I’ve covered inspiration from winter and how you can use it for writing in one of my recent posts. Today, I continue with this mini-series with the spring.
Spring is great source of inspiration: full of colors, scents, emotions, and activity – all of which you can use for inspiration and as a way to show more about the setting. Spring will make all your senses busy if you let it – and if you realize that, you can use all of that for some detail/realism in your stories. Just think how different people might react to all that happens in the nature and see what of it could help your writing. K.M. Allan wrote a nice article about using all the senses for depth in writing and you can have a look at it at her blog.
Look into the nature
Spring is full of vibrancy. The life returning after winter, creating a palette of freshly-sprouted leaves and colorful blossoms can spark joy in many. Yet, spring will attack other senses as well: the scents of flowers carried to you by the wind, the chirping of birds, the warmth of mid-day sun while the morning are still cold…
All of this can be used to show more about a character: if they dislike winter, they’ll eagerly await the spring and the first warm days. Maybe they are romantics or natural lovers and it’s the vibrancy of fresh leaves and/or the color of flowers that’ll get their attention.
And, as everything, it can be used to show more about the setting. If you are in historical or fantasy setting, the land waking up from winter will lead to busy days when people are taking care of the fields, planting whatever produce they grow. In a modern setting, spring might be a source of discomfort to others, due to allergies.
And, not to forget, spring also brings its own dangers – snow melting in the hills can bring floods.
Spring and the culture/setting
Many cultures in past put some significance to this return of life. Many Easter-related traditions come from various myths from old times and many of them were more or less related to these aspects. In some cultures, hares and rabbits were a symbol of fertility as they are one of the first animals to breed – very early in the spring. Eggs can have a similar meaning. Looking into mythology can serve as a source of further inspiration when creating a custom culture.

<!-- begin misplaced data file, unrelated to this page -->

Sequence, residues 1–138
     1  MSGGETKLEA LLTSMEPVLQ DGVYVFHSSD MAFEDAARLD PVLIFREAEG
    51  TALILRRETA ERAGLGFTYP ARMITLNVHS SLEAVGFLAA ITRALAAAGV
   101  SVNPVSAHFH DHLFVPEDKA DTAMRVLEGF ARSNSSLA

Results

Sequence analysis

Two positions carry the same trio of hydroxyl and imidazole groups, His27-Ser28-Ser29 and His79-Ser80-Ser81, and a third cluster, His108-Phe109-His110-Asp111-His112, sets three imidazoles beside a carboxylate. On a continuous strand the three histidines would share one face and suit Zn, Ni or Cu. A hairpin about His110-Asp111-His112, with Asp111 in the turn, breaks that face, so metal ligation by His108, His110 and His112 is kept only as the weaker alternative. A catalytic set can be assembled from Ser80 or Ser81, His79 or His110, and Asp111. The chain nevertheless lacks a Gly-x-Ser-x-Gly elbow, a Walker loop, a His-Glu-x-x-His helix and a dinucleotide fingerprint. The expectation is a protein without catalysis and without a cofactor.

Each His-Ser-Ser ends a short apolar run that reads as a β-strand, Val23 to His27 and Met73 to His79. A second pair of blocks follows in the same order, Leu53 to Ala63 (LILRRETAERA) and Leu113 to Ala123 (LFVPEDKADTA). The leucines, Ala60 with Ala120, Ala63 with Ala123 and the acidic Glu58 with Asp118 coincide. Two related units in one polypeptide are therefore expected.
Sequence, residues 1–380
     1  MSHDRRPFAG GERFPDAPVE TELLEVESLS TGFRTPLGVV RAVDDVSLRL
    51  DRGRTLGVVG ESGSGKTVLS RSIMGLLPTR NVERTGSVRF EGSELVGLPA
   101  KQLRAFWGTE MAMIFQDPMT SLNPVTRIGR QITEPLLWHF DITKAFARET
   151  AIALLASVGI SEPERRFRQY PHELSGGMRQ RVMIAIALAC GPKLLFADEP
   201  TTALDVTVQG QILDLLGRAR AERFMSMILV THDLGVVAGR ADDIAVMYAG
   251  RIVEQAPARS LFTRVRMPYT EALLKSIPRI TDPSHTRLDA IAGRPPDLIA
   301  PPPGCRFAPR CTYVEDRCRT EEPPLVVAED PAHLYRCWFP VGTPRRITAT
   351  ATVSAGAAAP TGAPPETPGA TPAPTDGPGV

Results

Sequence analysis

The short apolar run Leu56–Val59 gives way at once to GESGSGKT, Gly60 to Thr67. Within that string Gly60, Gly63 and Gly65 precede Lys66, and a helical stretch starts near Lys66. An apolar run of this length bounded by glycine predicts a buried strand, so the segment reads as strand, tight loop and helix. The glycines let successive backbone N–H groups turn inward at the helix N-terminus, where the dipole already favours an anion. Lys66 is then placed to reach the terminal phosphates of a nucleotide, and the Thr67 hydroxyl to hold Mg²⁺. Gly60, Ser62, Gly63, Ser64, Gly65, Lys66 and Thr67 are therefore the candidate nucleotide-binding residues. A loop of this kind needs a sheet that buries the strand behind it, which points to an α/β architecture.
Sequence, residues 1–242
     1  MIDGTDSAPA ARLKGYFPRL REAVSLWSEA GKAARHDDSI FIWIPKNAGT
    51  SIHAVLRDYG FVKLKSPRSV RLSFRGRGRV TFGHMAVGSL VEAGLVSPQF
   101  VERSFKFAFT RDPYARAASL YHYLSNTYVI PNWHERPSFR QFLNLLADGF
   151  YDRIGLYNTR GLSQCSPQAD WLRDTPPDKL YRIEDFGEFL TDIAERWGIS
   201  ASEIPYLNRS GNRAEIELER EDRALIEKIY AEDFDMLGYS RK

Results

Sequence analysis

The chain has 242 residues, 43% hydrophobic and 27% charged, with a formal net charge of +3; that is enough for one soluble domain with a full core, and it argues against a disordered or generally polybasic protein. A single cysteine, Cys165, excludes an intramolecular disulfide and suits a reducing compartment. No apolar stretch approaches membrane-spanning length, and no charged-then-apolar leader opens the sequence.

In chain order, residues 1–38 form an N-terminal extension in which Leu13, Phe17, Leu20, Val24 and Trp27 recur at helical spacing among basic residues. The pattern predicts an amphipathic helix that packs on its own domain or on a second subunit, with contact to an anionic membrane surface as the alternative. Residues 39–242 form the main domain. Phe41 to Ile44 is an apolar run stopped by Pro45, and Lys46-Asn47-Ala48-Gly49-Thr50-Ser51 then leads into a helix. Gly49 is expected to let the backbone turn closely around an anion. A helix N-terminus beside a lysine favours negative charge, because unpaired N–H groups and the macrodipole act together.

The vibrancy and joyfulness of autumn is something natural cultures would definitely celebrate. Likewise, the aspect of fertility (whatever way it comes) might be important. In culture that appreciates and celebrates both, the spring might be seen as the best time for getting intimate – and the blooming trees and flowers will give it a special atmosphere (a topic that was used in some poems in the past – of which some were definitely 15+/18+ stuff).
Another aspect to consider is that things come in stages – for example, different birds migrate at different times. Trees and flowers bloom at different times based not only by species but by location as well – higher in the hills, late May might be the time the first blossoms appear. This can be used to point out the geography of a fictional world.
Using the abovementioned factors can be a way to make a scene feel more realistic. A character who spent a long time in captivity and is released just as the spring is in full bloom might be overwhelmed by all the sights and scents denied from them. A young couple enjoying each other’s company below a blossoming tree might find the scents a good mood-setter for their date. The brighter days can be a source of determination or inspiration – or a hint of the busy days to come for farmers. When it comes to details, spring has a lot of potential for writing.
Seasonal inspiration mini-series:
Winter – Spring – Summer – Autumn
And that’s where I’ll wrap up this post. Summer’s next in line, coming soon. I’ll, of course, welcome your opinions and experiences. Do you have a favorite scene showing the beauty of spring? Have you written such a scene? Have you ventured into the nature to gather inspiration? Feel free to share it!
I love Spring. It’s my favourite season, mainly because it’s so inspiring. Great post, Tomas 😊.
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